But it pointed out that sustained oil price rises can hurt the Treasury by dampening economic growth and cutting the tax haul. It profits most from a short- to medium-term spike, too short to affect growth, it claimed.
At least 14 refinery units in the United States have been shut since 20 July, increasing concern about fuel supplies. Refiners, which produce more petrol in the summer to meet greater demand from motorists, have been operating at 95% utilisation rates, leading to a string of shutdowns, accidents and fires.
But the big oil companies are finally beginning to raise their exploration spending to help add extra oil production capacity. Industry analysts John S Herold have found that upstream capital spending is set to rise by about 15% this year.
A survey of 19 oil companies showed they planned to spend $94bn on the upstream, $12bn more than last year. ExxonMobil is spending $2bn more, BP $500m more, Total $2bn more and Royal Dutch Shell's spending will be roughly stable. Jamal Kureshi at Washington's PFC Energy said: "They're pretty much spending everything they can. Once you're over $30 a barrel [planning assumptions] pretty much every project is viable."
But Herold's Nicholas Cacchione said some of the extra spending would come from the higher cost of hiring drilling rigs: "People would love to increase their level of activity but the number of drilling rigs is a severe constraint. They can't just go and spend more money because they lack the rigs."
Analysts at Citigroup last week increased earnings estimates for the big European oil companies by 13% for 2005 to reflect a more bullish oil price outlook. Citigroup believes Brent will average at $54 a barrel in 2005, up from $48, and sees $48.50 in 2006, $45.50 in 2007 and $42.50 in 2008. This has filtered into spending.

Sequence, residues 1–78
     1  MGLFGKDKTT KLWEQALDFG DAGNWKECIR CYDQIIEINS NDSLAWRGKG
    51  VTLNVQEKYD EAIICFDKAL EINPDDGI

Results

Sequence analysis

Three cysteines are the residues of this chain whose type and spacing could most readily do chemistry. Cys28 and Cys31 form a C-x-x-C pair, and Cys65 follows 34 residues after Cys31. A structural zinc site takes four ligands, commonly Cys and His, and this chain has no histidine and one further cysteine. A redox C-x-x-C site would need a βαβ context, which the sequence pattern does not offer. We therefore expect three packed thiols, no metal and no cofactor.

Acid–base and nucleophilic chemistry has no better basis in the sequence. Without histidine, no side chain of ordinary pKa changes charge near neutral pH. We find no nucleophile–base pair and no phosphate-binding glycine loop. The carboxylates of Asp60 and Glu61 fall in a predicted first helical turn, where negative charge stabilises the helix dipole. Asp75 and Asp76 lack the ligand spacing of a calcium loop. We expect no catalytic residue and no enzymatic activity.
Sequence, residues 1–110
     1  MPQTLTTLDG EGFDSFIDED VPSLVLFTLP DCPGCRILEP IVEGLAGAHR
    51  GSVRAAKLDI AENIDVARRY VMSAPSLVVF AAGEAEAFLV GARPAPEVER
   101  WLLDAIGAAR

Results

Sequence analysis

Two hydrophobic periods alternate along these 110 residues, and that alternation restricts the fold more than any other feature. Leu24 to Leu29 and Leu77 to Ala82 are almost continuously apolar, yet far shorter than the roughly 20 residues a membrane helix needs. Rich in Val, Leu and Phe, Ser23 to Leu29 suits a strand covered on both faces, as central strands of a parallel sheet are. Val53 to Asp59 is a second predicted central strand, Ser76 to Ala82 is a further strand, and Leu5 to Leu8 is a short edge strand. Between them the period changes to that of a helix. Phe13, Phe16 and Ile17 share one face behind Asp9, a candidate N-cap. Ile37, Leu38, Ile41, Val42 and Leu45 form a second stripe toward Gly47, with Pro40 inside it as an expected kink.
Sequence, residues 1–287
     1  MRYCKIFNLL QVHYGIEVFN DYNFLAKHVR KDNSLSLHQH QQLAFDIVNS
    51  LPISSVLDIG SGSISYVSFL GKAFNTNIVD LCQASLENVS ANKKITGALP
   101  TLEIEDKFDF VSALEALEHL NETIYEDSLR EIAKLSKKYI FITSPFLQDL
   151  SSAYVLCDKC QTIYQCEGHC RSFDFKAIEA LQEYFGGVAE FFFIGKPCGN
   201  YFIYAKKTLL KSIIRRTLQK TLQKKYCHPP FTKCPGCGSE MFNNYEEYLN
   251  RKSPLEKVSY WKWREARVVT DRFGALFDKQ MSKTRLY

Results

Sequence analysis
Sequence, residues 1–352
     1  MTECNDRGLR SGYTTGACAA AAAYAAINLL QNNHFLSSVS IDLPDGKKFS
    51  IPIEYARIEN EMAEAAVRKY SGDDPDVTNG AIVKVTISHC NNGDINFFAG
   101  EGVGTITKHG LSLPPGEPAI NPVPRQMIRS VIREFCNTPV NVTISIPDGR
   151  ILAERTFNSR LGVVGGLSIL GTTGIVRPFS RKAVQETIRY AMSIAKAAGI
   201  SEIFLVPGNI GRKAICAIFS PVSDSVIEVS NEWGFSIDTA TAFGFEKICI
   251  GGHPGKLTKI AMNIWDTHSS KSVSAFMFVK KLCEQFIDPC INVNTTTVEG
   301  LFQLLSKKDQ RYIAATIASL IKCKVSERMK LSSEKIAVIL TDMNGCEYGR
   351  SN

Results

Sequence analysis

Though western companies are investing more, facilities in Opec and developing countries are suffering. Geopolitical tensions are mounting in all the main producers, leading analysts believe, and this is helping to fuel tensions on the oil markets.
Policymakers in Washington, who used to assume there was a 50:50 chance that the Saudi regime would survive the next 10 years, have now cut this to five years. In Venezuela, President Hugo Chávez is continuing his extreme anti-American rhetoric, claiming that the US is the most evil empire in history and that he is preparing to repel a US invasion. Chavez is also using his oil revenues to fund Fidel Castro's dictatorship in Cuba, leading analysts believe, and trying to sell oil that previously went to the US to China and Latin America. The national oil company, packed with his political cronies, is inefficient and reducing the amount of oil available for exports.
In Russia, the confiscation of Yukos and general uncertainty has made it harder for the oil industry to expand production. Iraq is unable to protect its pipelines and facilities. Production remains below pre-war levels.